FailNote to Self:  Running with no meter and no sensor is NOT OKAY.  Even if it’s just 2.25 miles, and you had a snack because your pre-run blood sugar was only 86.  Do you hear me?  NOT OKAY.

Note to Self:  When running without a meter or CGM (but don’t ever do that!!) AND feeling low, for goodness sake, LISTEN TO YOUR HUSBAND!  Stop and eat the Level Life Gel he’s trying to give you.  Insisting you will be fine for the last 15 minutes of the run even though you feel like you’re made of Jell-o is NOT OKAY.

Note to Self:  Yes, you finished your run and it all worked out okay, but come on.  You know better.  Stop being so stubborn!  (Although I did agree to eat the gel before finishing the run.  Point in my favor??)

Do you ever make “Notes to Self”?  And do you actually listen??

Tuesday, September 2, 2014

Looking Back - Oven Mitts . . .

****  Today I’m revisiting a post from a few years ago, in which I realized just how calloused my poor little finger tips are.  And yes, I still do feel guilty for all those times I called my husband a wimp when he complained things were too hot touch!! ****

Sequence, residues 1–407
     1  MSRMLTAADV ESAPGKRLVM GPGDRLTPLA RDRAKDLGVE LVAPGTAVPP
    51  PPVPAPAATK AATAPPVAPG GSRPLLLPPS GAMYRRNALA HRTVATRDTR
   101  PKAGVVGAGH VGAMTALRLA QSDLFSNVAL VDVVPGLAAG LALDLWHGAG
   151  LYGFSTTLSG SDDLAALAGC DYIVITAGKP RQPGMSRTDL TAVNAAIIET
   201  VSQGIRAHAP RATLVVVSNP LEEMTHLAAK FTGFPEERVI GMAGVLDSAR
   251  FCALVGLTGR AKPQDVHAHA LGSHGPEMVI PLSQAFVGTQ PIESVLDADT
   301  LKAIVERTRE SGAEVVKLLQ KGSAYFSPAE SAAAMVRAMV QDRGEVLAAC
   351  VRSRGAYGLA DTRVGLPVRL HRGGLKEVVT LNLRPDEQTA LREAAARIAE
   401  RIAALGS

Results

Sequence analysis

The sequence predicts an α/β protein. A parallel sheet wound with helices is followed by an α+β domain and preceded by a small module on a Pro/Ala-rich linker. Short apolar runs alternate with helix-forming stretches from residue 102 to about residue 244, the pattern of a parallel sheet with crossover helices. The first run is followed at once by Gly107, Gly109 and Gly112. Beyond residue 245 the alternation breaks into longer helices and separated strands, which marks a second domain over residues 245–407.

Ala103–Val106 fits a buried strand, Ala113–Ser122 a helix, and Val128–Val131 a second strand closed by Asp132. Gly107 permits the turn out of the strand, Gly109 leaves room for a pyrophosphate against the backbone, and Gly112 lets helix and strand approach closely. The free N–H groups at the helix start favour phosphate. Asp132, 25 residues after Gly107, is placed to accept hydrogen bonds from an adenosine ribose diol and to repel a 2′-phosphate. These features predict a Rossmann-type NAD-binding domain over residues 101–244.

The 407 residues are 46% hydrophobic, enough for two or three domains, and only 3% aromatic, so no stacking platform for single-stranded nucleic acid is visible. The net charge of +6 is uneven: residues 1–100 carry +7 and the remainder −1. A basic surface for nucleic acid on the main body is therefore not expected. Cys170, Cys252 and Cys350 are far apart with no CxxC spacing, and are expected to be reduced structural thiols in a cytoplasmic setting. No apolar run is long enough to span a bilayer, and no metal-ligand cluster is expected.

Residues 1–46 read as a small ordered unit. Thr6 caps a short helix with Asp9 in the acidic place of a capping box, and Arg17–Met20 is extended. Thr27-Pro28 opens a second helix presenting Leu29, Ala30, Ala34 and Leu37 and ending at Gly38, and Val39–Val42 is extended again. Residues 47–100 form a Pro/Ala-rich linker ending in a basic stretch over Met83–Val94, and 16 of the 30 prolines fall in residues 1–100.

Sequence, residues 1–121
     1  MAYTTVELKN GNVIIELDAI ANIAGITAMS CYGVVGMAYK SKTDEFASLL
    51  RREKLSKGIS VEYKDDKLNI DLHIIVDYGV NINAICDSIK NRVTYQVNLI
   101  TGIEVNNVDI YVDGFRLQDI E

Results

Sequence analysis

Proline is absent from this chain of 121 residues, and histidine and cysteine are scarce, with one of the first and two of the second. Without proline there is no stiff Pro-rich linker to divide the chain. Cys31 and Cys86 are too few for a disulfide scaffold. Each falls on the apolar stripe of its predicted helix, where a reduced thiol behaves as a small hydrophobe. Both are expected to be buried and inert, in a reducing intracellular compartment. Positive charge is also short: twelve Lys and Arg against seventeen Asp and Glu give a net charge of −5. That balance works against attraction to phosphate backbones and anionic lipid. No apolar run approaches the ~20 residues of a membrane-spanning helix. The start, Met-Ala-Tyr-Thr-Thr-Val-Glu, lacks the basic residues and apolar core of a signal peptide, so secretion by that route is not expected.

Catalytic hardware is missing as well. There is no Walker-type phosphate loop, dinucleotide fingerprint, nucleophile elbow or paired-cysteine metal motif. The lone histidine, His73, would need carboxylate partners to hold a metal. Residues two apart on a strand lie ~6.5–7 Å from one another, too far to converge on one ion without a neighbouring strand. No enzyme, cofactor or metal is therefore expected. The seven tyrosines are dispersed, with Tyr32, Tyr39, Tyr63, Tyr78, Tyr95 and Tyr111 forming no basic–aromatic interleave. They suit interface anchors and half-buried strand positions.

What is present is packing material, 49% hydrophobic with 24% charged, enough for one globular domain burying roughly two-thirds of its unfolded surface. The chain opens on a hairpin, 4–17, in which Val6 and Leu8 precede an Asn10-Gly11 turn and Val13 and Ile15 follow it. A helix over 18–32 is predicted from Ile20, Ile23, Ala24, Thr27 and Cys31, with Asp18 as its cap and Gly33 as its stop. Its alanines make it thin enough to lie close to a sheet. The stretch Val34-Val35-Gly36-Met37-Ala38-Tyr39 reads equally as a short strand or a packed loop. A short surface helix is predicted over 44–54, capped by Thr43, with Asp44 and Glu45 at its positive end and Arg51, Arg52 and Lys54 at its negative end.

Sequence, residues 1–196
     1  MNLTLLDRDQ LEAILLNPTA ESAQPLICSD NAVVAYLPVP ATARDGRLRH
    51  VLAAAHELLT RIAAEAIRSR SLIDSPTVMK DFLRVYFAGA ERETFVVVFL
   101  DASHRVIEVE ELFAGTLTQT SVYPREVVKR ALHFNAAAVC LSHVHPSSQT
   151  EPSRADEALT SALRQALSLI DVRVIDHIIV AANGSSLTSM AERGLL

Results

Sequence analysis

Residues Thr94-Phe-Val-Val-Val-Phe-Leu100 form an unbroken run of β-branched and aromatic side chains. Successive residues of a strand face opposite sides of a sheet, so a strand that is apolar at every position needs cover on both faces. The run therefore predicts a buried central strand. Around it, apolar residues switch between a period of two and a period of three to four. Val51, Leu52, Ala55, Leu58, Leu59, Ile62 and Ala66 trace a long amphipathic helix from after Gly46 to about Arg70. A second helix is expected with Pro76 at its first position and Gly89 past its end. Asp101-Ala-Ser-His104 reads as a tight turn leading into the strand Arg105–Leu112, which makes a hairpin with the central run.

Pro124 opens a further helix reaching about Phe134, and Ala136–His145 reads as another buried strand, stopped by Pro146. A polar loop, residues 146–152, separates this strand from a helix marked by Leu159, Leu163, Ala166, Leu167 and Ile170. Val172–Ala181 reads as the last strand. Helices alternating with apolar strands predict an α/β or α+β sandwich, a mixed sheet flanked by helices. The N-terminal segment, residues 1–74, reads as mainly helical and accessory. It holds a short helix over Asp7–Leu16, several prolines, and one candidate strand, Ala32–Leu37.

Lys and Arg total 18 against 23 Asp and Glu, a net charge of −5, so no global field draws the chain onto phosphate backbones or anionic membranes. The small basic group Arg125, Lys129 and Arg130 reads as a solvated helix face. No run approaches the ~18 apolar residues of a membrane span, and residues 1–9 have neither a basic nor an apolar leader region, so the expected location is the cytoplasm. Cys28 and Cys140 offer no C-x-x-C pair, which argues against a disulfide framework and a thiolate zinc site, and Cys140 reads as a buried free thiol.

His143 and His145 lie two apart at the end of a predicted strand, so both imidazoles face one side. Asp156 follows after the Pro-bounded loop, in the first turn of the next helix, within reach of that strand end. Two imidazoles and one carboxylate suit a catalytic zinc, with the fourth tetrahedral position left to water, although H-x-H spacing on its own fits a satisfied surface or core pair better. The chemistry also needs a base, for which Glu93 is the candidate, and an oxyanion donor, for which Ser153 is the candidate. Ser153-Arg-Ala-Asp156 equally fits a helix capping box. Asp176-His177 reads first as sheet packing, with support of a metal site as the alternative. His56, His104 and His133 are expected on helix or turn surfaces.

During the summer, we do a lot of cooking on the grill.  Okay, by “we” I mean Pete.  I don’t actually step near the grill.  Although I do prep the food so that makes it a “we” effort, right?  I usually wrap our vegetables in foil packets in an attempt to have Pete cook our entire dinner outside on the grill during those sweltering days of summer.  When we try to unwrap them, hot off the grill, Pete always complains about the foil burning his fingers.  I usually call him a wimp and unwrap them with my bare hands.

The other day, we went to Starbucks.  I grabbed a seat to check my blood sugar while Pete ordered our coffees.  As he brought them over, he said they were so hot they were burning him and went off to get us those thermal sleeve thingies.  Call me pig-headed, but I had to see how hot the paper coffee cup really was.  And it wasn’t hot at all.  Wimp!!

Cue the guilt-music.  Now re-read the paragraph above.  Especially the line about checking my blood sugar.  You see, I test between 8 and 12 times every day.  I’ve realized that the scar tissue I’ve developed on my poor over-pricked fingers are my permanent little oven-mitts.  And the perhaps my husband isn't such a wimp after all.  Sorry, Sweetpea!